The three short sentences at the beginning of Chapter 17 of former CIA Director George Tenet's memoir, "At the Center of the Storm," tell it all: "The United States did not go to war in Iraq solely because of WMD. I doubt it was even the principal cause. Yet it was the public face that was put on it."
Consider the deep cynicism of that statement, playing as it does on the gravest threat to humanity's survival—an apocalyptic nuclear conflagration—to exploit the fears of a nation raw from the 9/11 attacks. The "mushroom cloud" over Manhattan that now-Secretary of State Condoleezza Rice and Vice President Dick Cheney warned against was nothing more than a cheap rhetorical trick to justify an agenda of imperial intervention in the Middle East that long preceded the 9/11 attacks. The goal was to bamboozle Americans into supporting the restructuring of the politics of the Mideast to accord with the fantasies of a small band of neoconservative rogues who had insinuated themselves into the highest levels of the U.S. government.
That they were rogues was known to the chief of the Central Intelligence Agency, a man rewarded by President Bush with the Medal of Freedom precisely because he provided respectable cover for the chicanery that drove the Iraq debacle. Pity that it took a $4-million book contract for Tenet to come clean.
While Tenet remained silent, he observed the neocon coup d'Ãƒ©tat up close. His most devastating revelations center on the antics of that neocon cabal in the Pentagon and its hit squad, dubbed "Team Feith" for Douglas Feith, a protÃƒ©gÃƒ© of former Deputy Secretary of Defense Paul Wolfowitz and, through him, former Secretary of Defense Donald Rumsfeld and Cheney.
Team Feith's main task was to create and maintain the fiction of a connection between Saddam Hussein and Osama bin Laden when no solid evidence supported that assertion. The intelligence unit Feith headed set about discrediting the conclusions of every other intelligence operation while cherry-picking evidence to support the invasion of Iraq as a logical response to 9/11. Tenet's high crime—and it is just that—was that he knew of this treachery from the start, yet never exposed it to Congress or the public.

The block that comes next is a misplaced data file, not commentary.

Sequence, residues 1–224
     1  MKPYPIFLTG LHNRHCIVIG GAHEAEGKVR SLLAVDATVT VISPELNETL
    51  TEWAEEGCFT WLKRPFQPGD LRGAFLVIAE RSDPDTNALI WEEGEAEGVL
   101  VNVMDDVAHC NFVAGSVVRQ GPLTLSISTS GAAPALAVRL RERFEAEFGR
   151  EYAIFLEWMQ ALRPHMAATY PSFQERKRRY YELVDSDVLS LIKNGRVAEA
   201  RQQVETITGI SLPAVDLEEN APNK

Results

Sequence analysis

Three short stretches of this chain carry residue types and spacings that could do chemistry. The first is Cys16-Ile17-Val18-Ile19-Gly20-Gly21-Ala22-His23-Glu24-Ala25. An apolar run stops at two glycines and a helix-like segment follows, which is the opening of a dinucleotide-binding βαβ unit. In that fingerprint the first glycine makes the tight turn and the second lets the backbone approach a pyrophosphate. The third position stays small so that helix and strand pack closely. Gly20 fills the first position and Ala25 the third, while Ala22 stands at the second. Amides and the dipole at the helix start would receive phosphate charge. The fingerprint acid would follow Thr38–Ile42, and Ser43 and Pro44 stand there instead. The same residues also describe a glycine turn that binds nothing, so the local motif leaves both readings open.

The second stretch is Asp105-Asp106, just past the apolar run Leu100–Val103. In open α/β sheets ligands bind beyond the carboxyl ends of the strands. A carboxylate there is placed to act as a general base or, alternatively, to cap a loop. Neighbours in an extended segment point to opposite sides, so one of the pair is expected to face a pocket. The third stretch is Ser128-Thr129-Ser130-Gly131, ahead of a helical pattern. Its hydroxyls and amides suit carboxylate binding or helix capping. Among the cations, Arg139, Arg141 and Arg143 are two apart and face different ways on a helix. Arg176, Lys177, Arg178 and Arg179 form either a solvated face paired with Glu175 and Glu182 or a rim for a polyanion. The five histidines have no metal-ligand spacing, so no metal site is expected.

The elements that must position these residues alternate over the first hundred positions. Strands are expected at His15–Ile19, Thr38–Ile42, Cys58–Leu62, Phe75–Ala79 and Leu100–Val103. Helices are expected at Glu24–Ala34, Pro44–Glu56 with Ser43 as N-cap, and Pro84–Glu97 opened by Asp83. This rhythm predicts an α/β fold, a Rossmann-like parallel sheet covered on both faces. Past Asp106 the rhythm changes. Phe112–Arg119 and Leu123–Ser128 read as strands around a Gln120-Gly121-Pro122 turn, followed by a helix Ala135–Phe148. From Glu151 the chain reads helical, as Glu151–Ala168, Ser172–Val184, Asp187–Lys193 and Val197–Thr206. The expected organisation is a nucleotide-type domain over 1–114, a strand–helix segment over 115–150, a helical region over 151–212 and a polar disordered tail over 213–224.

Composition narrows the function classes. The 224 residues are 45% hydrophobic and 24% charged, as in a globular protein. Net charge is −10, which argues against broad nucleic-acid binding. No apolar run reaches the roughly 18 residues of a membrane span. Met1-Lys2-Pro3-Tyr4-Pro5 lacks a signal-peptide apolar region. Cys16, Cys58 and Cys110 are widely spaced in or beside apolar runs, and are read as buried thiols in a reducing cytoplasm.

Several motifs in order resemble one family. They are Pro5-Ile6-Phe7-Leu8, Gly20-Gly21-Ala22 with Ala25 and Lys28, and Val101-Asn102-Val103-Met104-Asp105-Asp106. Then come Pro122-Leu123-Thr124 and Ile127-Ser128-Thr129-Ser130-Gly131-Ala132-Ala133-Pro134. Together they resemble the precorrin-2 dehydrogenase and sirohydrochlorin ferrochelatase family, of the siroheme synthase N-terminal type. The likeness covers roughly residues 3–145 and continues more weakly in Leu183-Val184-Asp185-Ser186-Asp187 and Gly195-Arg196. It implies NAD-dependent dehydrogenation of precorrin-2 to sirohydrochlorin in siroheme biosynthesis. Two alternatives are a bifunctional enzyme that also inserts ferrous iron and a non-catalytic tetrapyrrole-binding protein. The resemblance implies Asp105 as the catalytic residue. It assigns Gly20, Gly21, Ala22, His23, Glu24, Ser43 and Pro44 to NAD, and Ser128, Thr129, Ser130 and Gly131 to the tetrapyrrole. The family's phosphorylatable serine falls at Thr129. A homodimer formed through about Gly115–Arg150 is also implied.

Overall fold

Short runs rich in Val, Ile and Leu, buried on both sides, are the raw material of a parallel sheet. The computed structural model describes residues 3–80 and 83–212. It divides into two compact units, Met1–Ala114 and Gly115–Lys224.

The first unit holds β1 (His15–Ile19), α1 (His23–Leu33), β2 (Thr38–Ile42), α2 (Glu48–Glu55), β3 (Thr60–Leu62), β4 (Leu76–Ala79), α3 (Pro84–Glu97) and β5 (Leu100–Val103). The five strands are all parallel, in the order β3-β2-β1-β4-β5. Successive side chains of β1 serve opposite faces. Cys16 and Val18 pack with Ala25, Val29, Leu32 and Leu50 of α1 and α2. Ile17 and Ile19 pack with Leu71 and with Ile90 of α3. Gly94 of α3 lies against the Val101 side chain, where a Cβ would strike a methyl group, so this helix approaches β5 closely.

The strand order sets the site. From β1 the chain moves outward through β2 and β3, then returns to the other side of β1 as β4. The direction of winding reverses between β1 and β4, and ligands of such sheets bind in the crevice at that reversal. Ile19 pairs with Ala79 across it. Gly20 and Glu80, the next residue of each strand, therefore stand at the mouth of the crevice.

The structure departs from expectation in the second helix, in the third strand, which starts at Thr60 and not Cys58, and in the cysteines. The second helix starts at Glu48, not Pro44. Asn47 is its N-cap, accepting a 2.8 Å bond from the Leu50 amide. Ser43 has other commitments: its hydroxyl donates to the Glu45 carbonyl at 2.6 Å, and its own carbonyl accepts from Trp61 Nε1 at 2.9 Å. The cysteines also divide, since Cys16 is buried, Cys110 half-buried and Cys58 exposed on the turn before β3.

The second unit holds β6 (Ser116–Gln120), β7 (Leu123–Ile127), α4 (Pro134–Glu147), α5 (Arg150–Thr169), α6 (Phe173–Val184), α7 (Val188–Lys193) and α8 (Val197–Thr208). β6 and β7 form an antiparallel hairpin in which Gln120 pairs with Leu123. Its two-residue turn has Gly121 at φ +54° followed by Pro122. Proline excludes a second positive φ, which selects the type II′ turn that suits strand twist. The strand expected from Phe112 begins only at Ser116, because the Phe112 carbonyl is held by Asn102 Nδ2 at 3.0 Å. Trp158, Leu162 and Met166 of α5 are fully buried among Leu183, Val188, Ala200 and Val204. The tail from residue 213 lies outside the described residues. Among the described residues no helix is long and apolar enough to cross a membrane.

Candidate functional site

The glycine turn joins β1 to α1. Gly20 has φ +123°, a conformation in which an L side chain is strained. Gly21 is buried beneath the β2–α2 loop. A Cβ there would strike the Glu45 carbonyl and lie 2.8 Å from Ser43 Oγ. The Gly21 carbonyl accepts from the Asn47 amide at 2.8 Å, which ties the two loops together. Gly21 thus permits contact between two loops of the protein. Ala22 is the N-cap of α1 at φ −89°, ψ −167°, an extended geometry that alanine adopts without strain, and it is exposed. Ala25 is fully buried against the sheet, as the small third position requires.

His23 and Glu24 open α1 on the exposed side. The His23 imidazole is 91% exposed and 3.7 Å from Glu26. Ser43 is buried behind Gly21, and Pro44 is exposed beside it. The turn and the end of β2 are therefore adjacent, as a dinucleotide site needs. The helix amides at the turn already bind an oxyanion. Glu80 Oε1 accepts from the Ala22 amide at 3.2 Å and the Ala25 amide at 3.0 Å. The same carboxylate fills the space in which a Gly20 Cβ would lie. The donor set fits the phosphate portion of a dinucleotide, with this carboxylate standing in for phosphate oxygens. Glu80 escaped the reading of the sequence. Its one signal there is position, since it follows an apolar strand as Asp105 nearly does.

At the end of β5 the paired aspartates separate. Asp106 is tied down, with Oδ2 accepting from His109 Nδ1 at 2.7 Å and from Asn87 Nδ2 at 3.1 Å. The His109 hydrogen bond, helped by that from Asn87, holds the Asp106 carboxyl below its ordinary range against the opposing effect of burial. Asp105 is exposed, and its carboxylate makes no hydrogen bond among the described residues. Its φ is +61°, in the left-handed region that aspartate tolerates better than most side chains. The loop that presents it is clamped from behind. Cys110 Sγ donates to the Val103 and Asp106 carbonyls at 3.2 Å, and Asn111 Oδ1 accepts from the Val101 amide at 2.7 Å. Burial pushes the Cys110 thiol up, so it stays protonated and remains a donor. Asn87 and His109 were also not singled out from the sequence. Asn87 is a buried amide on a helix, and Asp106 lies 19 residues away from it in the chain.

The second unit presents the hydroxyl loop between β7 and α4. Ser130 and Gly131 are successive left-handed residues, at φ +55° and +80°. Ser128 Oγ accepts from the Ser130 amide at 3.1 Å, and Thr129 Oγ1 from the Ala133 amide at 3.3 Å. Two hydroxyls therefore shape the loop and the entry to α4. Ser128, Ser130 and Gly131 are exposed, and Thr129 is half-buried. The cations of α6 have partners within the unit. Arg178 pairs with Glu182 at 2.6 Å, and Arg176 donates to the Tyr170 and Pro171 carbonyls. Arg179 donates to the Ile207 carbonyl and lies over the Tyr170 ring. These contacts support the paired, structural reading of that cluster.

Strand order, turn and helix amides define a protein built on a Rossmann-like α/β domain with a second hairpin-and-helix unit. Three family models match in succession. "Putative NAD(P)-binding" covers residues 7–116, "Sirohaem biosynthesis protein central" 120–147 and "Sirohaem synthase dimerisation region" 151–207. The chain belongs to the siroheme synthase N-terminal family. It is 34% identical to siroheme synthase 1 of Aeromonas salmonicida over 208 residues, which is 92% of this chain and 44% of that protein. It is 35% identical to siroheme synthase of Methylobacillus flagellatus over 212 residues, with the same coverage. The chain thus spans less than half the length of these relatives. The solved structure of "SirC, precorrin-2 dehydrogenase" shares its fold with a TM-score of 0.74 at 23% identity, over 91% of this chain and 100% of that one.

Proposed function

Take Tenet's description of the briefing, provided by Feith's office throughout the higher reaches of government, entitled "Iraq and al-Qaa'ida—Making the Case." As Tenet notes, Feith's briefer, Tina Shelton, "started out by saying that there should be 'no more debate' on the Iraq-al Qaeda relationship. 'It is an open-and-shut case,' she said. 'No further analysis is required.' This statement instantly got my attention. I knew we had trouble on our hands."
Shelton ran through a series of fraudulent claims, including one that lead hijacker Mohamed Atta had met with an Iraqi agent in Prague, which the CIA had previously investigated but found to be fraudulent. Tenet then adds: "I listened for a few more minutes trying to be polite, before saying, 'that's very interesting.' This was one of my rare moments of trying to be subtle. What I was really thinking was, this is complete crap, and I want this to end right now."
But he didn't say it. And the "complete crap" of Team Feith carried the day with the Bush administration, from Bush on down, not because they had facts or logic on their side, but because their intellectual bullying served the political agenda of the Karl Rove juggernaut. The bullying was effective only because Congress and the media were traumatized by 9/11 and because those who knew better, most prominently Tenet, failed to speak out. In the end, Tenet betrayed the bedrock freedom of representative democracy—the right of the people to be informed—and failed, when it mattered most, his sworn duty to honestly inform the government about issues of vital importance to its security.
Tenet, knowing the administration was willfully leading our nation into a horrific war in Iraq that would detract from the real fight against terrorism, had an obligation to resign and go public with his knowledge when the war could have been prevented. Tenet knew that the Bush administration had sold the public a package of lies, but he waited to reveal that truth until he could turn a hefty book profit.
Will Tenet share the book's royalties with the grieving families of the dead and wounded from this war that he concedes he could never honestly justify? Or with the U.S. taxpayers, who are stuck with the trillion-dollar bill for the never-ending occupation and reconstruction of Iraq? After one of his talk show appearances, will he be arrested for complicity in war crimes? Robert Scheer is editor of TruthDig.com and a regular columnist for The San Francisco Chronicle.
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